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14 December 2017

2017 a mixed-bag year for the Southern Suburbs property market
The property market in the Southern Suburbs has performed valiantly in the face of the political and economic uncertainty of 2017, showing solid growth in prices despite the significant drop in sales volumes according to Arnold Maritz, Southern Suburbs co-principal for Lew Geffen Sotheby’s International Realty, who says sales are down by about 20% from the same period last year (January to August), however, the average selling price is up by 4.63% across the board.

He says this is a notable outcome when one considers that Propstats data reveals a remarkable 50.4% (R1 295 365 9590) drop in sales across the Peninsual in April after the March 30 cabinet reshuffle which included the axing of Pravin Gordhan.
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Gauteng’s development hotspots for 2018 revealed
In addition to ongoing development across Gauteng, large-scale growth is especially predicted for the northern and north-western suburbs of Johannesburg where platforms such as Airbnb are creating interesting trends in the Sandton property market in particular.

Dave Lewis, Seeff Sandton’s Developments Manager, says in the Sandton CBD and surrounds there is a great drive from both developers and the municipality to increase the number of residential homes.

“The council is very supportive of increased density in the area, especially along main roads, as the demand for housing close to the ever-expanding commercial hub of the Sandton CBD is growing rapidly. While in the past there were maximum density restrictions, these days council is imposing minimum density restrictions,” he says.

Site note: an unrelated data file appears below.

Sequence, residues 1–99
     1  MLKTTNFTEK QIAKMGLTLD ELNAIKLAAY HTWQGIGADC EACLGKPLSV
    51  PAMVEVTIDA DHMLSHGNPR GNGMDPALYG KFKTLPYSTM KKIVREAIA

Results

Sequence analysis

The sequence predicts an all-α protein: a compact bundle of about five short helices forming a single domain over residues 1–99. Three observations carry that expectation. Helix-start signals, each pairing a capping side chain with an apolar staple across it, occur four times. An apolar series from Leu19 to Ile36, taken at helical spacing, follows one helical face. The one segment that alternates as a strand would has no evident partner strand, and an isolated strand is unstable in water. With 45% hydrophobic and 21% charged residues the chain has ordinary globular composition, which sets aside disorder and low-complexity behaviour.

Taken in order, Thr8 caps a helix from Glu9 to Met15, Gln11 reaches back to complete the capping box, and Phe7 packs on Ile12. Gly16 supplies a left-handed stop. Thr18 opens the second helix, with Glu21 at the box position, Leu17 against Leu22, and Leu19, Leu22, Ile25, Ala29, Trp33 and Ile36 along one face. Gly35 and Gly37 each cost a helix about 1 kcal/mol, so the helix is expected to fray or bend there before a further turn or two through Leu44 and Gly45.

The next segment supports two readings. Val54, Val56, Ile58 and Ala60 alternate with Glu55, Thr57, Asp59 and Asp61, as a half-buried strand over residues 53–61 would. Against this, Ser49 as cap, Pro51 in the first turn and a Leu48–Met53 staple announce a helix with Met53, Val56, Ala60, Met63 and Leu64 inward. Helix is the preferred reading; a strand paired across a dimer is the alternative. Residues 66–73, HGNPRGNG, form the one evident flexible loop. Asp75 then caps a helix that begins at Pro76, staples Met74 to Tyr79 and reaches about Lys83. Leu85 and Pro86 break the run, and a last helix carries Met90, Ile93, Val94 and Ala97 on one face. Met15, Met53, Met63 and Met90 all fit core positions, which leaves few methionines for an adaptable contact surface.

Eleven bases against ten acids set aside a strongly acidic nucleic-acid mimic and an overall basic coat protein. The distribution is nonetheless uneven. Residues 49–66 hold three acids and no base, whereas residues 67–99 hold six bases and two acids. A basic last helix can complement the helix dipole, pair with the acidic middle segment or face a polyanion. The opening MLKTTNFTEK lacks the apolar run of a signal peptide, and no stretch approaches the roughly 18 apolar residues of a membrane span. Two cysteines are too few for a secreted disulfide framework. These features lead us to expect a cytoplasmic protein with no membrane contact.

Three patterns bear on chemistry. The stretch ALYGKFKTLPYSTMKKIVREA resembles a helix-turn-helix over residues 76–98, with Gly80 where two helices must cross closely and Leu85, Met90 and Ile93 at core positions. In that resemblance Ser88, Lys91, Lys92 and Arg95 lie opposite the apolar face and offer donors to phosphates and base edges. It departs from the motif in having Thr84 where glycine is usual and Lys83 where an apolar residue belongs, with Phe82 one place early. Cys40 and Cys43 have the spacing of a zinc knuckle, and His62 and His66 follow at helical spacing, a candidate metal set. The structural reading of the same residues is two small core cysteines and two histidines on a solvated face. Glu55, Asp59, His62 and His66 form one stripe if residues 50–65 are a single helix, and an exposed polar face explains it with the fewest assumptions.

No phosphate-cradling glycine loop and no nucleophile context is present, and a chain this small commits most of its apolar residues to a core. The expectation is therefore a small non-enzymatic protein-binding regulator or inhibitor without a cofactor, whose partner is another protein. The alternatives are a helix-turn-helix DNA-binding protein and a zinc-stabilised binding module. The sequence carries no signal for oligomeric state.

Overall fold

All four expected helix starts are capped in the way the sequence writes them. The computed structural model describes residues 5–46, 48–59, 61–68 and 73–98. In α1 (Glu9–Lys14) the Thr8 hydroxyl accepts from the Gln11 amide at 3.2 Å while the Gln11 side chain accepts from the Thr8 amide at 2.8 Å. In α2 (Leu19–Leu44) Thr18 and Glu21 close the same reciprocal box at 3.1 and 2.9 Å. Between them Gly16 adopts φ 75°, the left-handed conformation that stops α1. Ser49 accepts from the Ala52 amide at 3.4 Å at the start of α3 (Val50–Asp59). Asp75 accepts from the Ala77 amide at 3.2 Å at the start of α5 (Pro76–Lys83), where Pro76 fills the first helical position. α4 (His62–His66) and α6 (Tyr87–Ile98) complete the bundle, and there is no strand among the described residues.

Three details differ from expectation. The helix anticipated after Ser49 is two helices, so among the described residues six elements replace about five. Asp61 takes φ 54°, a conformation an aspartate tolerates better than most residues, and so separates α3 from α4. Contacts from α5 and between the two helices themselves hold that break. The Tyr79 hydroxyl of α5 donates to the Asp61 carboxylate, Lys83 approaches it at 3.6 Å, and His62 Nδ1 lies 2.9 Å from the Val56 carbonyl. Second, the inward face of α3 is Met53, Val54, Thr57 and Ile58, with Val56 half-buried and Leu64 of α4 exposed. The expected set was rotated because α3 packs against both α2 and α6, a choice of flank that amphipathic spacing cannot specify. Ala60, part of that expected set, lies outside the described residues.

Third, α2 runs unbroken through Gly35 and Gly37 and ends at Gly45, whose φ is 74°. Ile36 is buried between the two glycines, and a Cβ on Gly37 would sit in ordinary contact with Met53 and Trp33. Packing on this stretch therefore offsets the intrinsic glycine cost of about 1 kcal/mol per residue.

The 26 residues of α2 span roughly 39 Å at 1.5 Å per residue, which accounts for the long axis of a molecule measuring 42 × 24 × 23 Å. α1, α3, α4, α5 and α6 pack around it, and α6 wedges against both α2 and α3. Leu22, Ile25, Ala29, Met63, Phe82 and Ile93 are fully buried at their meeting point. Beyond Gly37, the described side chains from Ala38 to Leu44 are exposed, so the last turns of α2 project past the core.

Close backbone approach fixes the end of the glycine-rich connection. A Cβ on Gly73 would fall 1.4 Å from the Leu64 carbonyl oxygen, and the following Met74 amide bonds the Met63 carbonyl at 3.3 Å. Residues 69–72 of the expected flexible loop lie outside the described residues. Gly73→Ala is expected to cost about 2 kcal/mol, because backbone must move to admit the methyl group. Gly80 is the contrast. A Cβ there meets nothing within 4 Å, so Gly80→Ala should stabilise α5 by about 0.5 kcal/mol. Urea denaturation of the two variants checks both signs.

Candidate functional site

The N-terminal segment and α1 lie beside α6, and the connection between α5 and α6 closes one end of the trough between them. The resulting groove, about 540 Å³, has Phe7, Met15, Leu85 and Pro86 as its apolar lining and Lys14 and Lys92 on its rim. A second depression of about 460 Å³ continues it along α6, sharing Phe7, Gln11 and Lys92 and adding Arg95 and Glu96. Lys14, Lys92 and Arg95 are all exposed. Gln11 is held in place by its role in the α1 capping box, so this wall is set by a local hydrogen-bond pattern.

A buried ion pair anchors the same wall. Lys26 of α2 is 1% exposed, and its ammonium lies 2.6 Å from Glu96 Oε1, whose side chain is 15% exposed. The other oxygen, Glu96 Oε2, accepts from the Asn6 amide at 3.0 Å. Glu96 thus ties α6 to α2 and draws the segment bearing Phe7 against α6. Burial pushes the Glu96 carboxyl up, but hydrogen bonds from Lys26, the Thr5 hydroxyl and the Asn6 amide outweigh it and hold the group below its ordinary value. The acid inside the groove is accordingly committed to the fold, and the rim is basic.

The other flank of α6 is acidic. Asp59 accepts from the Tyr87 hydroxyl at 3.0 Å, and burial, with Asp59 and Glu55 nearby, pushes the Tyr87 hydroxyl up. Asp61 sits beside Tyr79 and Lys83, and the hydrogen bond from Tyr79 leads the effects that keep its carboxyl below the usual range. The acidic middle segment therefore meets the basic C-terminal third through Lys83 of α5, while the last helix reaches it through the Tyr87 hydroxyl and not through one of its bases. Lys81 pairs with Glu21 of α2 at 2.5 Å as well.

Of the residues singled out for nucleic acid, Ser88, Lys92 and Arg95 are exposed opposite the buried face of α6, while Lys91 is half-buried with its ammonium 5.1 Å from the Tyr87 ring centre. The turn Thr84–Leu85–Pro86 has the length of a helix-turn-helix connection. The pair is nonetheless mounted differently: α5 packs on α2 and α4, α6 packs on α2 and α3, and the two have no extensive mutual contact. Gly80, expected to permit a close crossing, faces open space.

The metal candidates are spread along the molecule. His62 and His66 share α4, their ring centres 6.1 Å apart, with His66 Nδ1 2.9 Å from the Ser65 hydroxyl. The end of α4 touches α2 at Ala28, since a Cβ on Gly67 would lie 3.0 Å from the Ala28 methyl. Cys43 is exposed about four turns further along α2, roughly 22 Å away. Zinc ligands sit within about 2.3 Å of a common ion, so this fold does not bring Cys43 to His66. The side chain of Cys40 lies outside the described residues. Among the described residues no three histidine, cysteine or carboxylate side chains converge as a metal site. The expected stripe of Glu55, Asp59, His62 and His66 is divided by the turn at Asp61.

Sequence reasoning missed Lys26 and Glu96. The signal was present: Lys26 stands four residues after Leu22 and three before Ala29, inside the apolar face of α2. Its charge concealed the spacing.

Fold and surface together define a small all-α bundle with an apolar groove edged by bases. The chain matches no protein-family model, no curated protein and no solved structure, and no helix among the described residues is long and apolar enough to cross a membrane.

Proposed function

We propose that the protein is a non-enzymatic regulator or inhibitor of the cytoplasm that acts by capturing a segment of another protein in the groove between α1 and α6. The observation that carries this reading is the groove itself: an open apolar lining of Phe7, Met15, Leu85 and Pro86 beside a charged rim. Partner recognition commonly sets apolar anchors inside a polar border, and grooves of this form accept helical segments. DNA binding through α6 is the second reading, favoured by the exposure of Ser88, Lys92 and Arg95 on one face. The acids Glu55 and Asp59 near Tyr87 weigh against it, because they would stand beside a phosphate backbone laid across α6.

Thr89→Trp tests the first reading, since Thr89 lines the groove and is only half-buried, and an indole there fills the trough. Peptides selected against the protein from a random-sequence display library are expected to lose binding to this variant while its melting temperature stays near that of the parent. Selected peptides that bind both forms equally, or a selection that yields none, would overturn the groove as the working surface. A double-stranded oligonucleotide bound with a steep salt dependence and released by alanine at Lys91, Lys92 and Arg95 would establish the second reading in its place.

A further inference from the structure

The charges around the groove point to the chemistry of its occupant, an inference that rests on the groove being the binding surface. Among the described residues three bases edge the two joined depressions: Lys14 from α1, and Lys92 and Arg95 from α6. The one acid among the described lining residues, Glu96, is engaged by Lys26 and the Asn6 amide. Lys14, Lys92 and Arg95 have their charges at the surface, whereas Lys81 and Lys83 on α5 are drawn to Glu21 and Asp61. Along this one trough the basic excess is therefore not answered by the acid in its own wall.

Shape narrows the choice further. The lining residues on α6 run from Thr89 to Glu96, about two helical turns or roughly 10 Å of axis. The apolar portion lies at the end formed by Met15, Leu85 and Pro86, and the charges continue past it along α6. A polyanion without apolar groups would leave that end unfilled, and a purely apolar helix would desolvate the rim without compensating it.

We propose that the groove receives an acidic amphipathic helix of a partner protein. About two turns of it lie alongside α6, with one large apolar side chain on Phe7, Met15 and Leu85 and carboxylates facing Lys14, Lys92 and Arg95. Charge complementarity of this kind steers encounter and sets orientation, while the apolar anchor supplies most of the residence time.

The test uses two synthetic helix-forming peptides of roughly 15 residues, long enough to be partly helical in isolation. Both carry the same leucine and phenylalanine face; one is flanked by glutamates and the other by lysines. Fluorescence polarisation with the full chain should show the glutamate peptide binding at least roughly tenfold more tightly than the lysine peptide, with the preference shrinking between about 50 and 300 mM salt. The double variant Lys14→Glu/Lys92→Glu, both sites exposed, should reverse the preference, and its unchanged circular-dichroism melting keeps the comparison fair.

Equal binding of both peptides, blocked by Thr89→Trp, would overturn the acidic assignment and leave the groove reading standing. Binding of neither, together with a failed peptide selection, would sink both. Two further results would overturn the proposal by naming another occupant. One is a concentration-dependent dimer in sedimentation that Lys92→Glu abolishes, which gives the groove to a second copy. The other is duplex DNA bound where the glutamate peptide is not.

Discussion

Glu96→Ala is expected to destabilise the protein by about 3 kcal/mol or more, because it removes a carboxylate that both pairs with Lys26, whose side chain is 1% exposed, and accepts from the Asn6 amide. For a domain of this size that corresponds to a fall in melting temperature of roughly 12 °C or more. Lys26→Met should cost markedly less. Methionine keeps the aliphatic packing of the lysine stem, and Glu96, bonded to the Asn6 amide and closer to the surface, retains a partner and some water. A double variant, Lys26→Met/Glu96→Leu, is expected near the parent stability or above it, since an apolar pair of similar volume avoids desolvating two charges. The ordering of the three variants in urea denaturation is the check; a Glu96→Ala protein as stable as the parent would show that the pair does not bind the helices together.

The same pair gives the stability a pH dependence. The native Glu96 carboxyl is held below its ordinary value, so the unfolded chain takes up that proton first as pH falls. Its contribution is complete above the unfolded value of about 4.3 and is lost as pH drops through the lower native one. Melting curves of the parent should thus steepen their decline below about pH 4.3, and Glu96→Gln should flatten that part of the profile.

“Areas like Bryanston and Morningside are being developed at quite an alarming rate, as the sizes of the stands in the area are good for development and the existing services infrastructure is in place already. Here we are especially seeing a lot of townhouse and apartment developments going up.
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What determines property prices in South Africa?
What are the main issues that affect property prices in South Africa?

“The answer is more complex than it would seem at face value,” says Paul Stevens, CEO of Just Property. “There are various factors at play, the most important being market conditions which affect so many elements, including the cost of loans.”

“The repurchase rate, or repo rate, is the interest rate that the South African Reserve Bank applies to the money it lends to banks. The Reserve Bank uses the repo rate to target inflation - as inflation rises, so does the interest rate. This affects the prime lending rate that the banks set, which is applied to bonds,” explains Stevens.
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Sellers, ‘voetstoots’ clause not a ‘get out of jail free’ card
The “voetstoots” clause, meaning “with a shove of the foot” - that the buyer takes the property in its present condition as it is, has often been used by sellers as a disclaimer to protect themselves against any claims from the buyer if a fault is found after signing the offer to purchase.

This term, however, is not to be abused as known defects by law need to be disclosed to all parties involved, says Rene Barry, a partner at law firm Henkes Nolte-Joubert.

Whether patent or latent, if the seller knows about them, he or she cannot use the voetstoots clause to protect themselves against repairing them or disclosing them to the buyer, and it is always recommended that buyers ask for a full condition report, as is prescribed by the Estate Agency Affairs Board (EAAB), listing the condition of certain key items on the property in question.
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Tips for investing in a profitable coastal home
Much debate surrounds the topic of whether or not a holiday home is a viable investment, especially when you consider the costs involved in maintaining and managing a second property. With any property purchase, the potential for a successful return on investment is largely attributed to the research done beforehand and how the investment is viewed by the buyer.

Regional Director and CEO of RE/MAX of Southern Africa, Adrian Goslett, says a holiday home purchase can be one of the best investments that a buyer can make, provided they have a long-term view on the purchase of such property.

“If the correct decisions are made from the onset, and the necessary property investment principles are adhered to, buying a second property can be a platform on which to build wealth. The investor should see the property as a vehicle to put money aside for their retirement, rather than leaving that money in a bank account,” says Goslett.
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